Pepe Flores, a custodian at Ross, won the Stanislaus County Every Employee Making a Difference award in his category and now has a chance to be named the state winner next month.

Nominated as Hughson’s entries into the countywide Teacher of the Year competition in various grade levels were Kristyn Perino (second grade, retiring from Hughson Elementary at the end of this year), Claudia Vasquez (English, Fox Road), Jayce Jepson (math, Ross) and David Zylstra (math, Hughson High).

The district’s enrollment has grown to 2,180 students from transitional kindergarten through 12th grade, Smith told trustees, an increase of 51 students this year compared to 2022-23. Hughson’s payroll includes 288 employees.

“Our high school has the highest enrollment that it has ever had -- we have been between 810-850 students all year,” Smith said. “We continue to get a high number of interdistrict transfers from other communities to our freshman class. … We are proud of the fact that we have 109 more students from other communities who come to Hughson than we have Hughson students leaving for other districts. That is a testament to the fact that our small schools offer big opportunities for our students.”

Smith said the high school, middle school and Fox Road Elementary all met the district’s goal of 95% attendance.

It has been a busy year for building and maintenance projects in the district, with the prospect of more significant big-ticket items still ahead.

·         Hughson Elementary: New portable building for after-school programs

·         Fox Road: A new play structure and sign

·         Ross: Remodeled locker rooms and new sign

·         Hughson High: Security fencing, a reconfigured entry and artificial turf in a play area

·         Alternative education site: New fencing and an expanded yard

“We have an extensive list that gets updated every year so we always have a five-year plan for facility improvements,” Smith said.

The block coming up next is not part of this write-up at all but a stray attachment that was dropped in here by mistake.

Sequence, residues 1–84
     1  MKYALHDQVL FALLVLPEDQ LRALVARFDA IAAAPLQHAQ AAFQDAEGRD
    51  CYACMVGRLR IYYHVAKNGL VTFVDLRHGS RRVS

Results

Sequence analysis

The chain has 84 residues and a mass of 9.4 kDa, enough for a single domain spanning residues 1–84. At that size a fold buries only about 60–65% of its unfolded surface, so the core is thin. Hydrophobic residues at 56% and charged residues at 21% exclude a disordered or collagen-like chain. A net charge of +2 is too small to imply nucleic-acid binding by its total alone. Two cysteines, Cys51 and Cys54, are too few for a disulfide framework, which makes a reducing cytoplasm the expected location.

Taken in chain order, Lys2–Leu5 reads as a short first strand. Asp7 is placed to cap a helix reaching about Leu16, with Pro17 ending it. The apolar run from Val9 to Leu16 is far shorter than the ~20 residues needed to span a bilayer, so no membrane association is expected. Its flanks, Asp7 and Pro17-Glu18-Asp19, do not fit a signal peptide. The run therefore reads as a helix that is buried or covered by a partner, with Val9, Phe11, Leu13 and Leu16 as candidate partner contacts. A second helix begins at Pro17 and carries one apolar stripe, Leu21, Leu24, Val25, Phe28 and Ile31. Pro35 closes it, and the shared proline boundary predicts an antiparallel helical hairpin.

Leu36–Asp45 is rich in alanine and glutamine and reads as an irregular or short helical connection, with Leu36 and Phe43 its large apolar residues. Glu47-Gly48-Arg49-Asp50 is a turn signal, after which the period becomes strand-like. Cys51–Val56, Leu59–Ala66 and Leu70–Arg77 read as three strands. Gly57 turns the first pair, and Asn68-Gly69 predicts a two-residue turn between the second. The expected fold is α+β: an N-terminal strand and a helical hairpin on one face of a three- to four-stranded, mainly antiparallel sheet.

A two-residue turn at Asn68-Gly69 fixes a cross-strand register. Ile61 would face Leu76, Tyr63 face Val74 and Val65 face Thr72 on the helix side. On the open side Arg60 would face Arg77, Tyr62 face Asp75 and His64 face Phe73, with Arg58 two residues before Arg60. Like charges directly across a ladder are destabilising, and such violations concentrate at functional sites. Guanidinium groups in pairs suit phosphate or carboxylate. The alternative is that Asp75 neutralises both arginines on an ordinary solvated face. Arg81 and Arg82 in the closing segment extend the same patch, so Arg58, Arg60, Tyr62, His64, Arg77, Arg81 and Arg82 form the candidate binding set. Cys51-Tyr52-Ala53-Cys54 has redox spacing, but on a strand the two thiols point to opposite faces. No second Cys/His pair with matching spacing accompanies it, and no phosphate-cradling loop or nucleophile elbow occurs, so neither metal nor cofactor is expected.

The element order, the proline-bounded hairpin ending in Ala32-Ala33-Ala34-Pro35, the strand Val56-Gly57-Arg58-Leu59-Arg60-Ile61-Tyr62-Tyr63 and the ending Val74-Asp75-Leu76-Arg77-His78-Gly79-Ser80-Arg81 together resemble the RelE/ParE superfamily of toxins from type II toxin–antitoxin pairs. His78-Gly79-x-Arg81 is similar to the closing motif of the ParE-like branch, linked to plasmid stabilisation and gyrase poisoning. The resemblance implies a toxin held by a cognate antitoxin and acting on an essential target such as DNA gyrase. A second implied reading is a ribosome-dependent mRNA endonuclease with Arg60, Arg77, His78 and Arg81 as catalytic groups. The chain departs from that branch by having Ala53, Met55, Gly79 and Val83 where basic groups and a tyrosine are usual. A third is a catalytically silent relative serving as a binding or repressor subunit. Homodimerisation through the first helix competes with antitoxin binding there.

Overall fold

Upcoming projects included another portable classroom at Hughson Elementary, a new roof and HVAC system in the 40 wing at Hughson High, two remodeled home ec classrooms at the high school and a shade structure at the alternative education site.

Smith also laid out the case for a $46 million school bond, which the board is considering putting on the November 2024 ballot. The money would be used to replace a century old ag science and ag mechanics shop at the high school; repair or replace leaking roofs, plumbing and HVAC systems at multiple sites; add classrooms to prevent overcrowding; and update classrooms, labs and technology to today’s standards.

All the money would be locally controlled and overseen, in part, by an independent oversight and audit committee made up of Hughson residents. It would add $60 per $100,000 of assessed value to people’s annual property tax bills. Smith said Hughson has the lowest amount of school bond debt compared to other Stanislaus County communities.

Financially, the district remains in a very strong position, Smith told trustees. It has a cash reserve of 16.7%, well above the state’s requirement of 3%.

“A healthy reserve means that we will be better able to weather cuts to our budget at the state level,” Smith said.

Improving communication was one of Smith’s goals this year. Once a month, she hosts Coffee with the Superintendent, a chance for parents, community members and staff to talk with her at one of the school sites. She also has a monthly roundtable with 12 to 15 students – a meeting she calls “by far my favorite thing to do this year.”

The superintendent also thanked community partners for their support, including the City of Hughson, the Hughson Leaders Organization, the Hughson Family Resource Center, the Police and Fire departments, the Lions Club and Legacy Health Endowment.

Smith’s full presentation can be viewed on YouTube .